Grafton Rowing Club History:
Professional Sculling -
Stanbury won by 8 lengths in a time of 22 minutes 15.5 seconds and became world champion.
A rematch was organised for July 7, 1891 on the Parramatta course, with the same result, but in the faster time of 18 minutes 25 seconds on the shortened course.
Due to the proximity of the Parramatta Rowing Course, Stanbury had located himself at Ryde where he made his headquarters The Royal Hotel which was owned by Samuel Jordan.
The Royal was a favourite for the rowers as it overlooked the start of the course, and its host Sam Jordan, was a very keen supporter of sport, besides being the local Mayor of Ryde.
It was here, that Stanbury, met his future bride, Sam's daughter Eliza Jane (Dolly) Jordan.
They were married on January 4, 1892, at Scots Church, Sydney (where Stanbury's parents were married 29 years earlier).
Stanbury's next title defence was against the New Zealand champion, Tom Sullivan. The race was held on May 2, 1892 over the Parramatta River course. Stanbury won, in a new race record time of 17 minutes 26 seconds.
After the race, Stanbury said "It was the hardest race I ever had."
As the 1890's drew on, there were no further challenges, as economic depression had set in and no potential challengers were prepared to risk the stake money in such trying times. So in 1893, Stanbury sailed for America, to try and organise a defence against a potential challenger, the French Canadian Jake Gaudaur. Unfortunately, terms could not be agreed and so no challenge ensued.
However, Stanbury was asked to give an exhibition race on Lake Austin Texas, against the fastest 8 oar crew that Texas could boast. Incredibly, Stanbury won, and was hailed by the Americans as the greatest sculler of all times.
He returned home to Shoalhaven on October 8, 1893 to await further challenges. Then in January, 1896, a challenge was issued by the British champion, Charles (Wag) Harding for 500 pounds a side plus The Diamond Sculls and Sportsman's Challenge Cup to be rowed on the Thames course between Putney and Mortlake - a distance of 4 miles and 2 furlongs (6844 metres), to be rowed on July 13, 1896 at 3 pm.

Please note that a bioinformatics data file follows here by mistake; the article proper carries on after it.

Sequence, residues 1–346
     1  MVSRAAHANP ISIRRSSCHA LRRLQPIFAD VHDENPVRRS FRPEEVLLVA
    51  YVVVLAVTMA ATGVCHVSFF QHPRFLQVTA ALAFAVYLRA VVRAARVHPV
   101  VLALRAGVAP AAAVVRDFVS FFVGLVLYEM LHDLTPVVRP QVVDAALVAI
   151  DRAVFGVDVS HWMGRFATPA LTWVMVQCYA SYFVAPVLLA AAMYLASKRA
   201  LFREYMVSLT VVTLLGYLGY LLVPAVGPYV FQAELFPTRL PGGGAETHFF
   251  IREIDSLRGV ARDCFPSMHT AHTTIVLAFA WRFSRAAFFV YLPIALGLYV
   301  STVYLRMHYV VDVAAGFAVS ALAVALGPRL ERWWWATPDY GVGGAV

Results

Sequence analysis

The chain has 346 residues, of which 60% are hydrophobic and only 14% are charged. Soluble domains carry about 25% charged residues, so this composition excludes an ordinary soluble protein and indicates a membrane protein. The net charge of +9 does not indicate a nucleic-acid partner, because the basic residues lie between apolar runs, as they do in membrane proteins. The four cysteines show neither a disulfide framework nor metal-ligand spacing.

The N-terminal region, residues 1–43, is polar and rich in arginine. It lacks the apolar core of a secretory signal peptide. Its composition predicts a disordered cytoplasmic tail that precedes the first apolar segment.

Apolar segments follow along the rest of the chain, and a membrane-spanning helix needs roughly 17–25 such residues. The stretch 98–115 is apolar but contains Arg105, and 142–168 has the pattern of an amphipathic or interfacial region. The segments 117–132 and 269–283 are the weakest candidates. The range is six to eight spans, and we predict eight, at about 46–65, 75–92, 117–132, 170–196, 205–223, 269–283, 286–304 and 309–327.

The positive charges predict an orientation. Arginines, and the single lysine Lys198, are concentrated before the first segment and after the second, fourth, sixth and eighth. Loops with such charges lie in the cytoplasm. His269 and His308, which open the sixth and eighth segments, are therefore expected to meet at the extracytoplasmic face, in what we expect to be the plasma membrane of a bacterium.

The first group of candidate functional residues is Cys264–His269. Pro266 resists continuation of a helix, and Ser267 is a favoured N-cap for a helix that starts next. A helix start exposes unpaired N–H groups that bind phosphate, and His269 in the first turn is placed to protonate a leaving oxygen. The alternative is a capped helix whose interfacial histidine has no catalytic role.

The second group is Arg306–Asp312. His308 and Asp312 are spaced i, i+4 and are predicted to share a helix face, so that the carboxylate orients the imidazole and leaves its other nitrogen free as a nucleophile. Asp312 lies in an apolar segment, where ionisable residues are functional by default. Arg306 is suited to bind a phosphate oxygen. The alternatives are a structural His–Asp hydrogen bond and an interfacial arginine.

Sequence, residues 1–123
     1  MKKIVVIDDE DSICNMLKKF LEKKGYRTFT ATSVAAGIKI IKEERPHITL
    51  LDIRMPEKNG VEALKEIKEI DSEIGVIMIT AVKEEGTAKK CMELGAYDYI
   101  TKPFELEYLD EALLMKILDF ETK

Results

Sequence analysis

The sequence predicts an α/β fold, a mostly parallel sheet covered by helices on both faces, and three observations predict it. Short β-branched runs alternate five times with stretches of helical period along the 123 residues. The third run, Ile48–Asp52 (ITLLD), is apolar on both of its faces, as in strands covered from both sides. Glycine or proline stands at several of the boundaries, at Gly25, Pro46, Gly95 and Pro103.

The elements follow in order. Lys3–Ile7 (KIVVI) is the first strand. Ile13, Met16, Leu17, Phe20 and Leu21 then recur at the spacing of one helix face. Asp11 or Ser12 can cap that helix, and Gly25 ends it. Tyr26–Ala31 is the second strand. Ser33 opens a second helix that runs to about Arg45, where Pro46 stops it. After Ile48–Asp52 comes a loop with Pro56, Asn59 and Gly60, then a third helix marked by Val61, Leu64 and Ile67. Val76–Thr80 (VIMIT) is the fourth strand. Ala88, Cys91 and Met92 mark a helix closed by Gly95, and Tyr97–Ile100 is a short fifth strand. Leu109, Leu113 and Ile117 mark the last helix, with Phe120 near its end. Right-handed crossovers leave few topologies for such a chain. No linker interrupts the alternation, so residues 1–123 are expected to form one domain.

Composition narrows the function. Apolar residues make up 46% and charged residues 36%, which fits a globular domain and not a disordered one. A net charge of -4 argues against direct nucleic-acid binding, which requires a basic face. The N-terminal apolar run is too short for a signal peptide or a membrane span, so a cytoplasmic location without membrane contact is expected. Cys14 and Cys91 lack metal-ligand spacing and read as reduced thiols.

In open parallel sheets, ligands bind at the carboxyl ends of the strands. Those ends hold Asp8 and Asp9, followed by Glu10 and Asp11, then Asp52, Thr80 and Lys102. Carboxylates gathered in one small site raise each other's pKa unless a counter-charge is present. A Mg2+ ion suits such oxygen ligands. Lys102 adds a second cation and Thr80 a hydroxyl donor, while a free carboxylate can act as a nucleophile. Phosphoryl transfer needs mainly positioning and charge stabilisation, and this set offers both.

Terms were finally agreed and on March 21, 1896, Stanbury departed on the Orient Company's RMS Austral with another young Shoalhaven sculler James Wray to assist him in his training.
On arrival in London Stanbury commenced his 9 week preparation and training on the Thames. Then on Tuesday, June 9, at 10.47 a.m., a telegram was received by the Shoalhaven Telegraph (newspaper) announcing - "James Stanbury the Australian Sculler was drowned while training on the Thames."
Then at 12.17 pm another telegram was received - "There is some doubt about the correctness of Stanbury's death, the cables are conflicting."
At 1.20 pm a third telegram was received - "News confirmed. Boat capsized. Stanbury unable to extricate feet from stretcher." The news having been received with great regret everywhere.
Finally at 4.45 pm a further telegram was received from the editor of the Evening News in London, it read - "We have just received a cablegram that Stanbury capsized but got ashore safely." This cablegram had been sent to Stanbury's parents and was received with great relief all round. The facts of the matter were, that whilst on a training run, his oar struck a passing barge near the Putney Bridge, causing him to lose balance and the outrigger immediately rolled over, tipping the big Australian into the swift flowing water. He sank down, seemingly to the muddy bottom of the Thames, then rose towards the top kicking out strongly, only to drift way downstream and having to chase his outrigger to bring it to shore. Stanbury returned to the boatshed and was on his final training run for the evening when he saw the newspaper posters. In banner headlines one said:
"World Champion Sculler James Stanbury Drowned."
Furiously, he contacted the newspaper. There was stunned silence when he told the editor he was James Stanbury, "and I am certainly not drowned."
On race day the excited English crowds were unanimously on the side of "Wag" Harding. Four huge river steamers crowded almost to sinking point and hundreds of small craft crowded the Thames course to see the World Championship race.
Compact, 9 stone 8 pound (61kg) Harding got to the starting point first. He was soon followed by Stanbury, who was at his racing weight of 13 stone (83kg)
Then the gun cracked. Both men dipped together, Stanbury immediately hit 28 strokes to the minute and Harding 26.
In three mighty strokes Stanbury's bow forged ahead. In six he was drawing away. By 20 his boat was clear.
Passing London Rowing Club there was daylight between the boats, but the partisan crowd still shouted for Harding, yelling that things would be different at Hammersmith.
But at Hammersmith, the cries were: "There's only one man in it." Someone in the crowd offered 20 to 1 about the Australian, but no one accepted.
The race developed into a procession with Stanbury winning by 20 lengths in a record time of 21 minutes 51 seconds (an average speed of 18.8 kph). Stanbury had successfully defended his title on the Thames.
In August Stanbury was then challenged by former British champion George Bubear on the Thames - Stanbury also won this race with ease.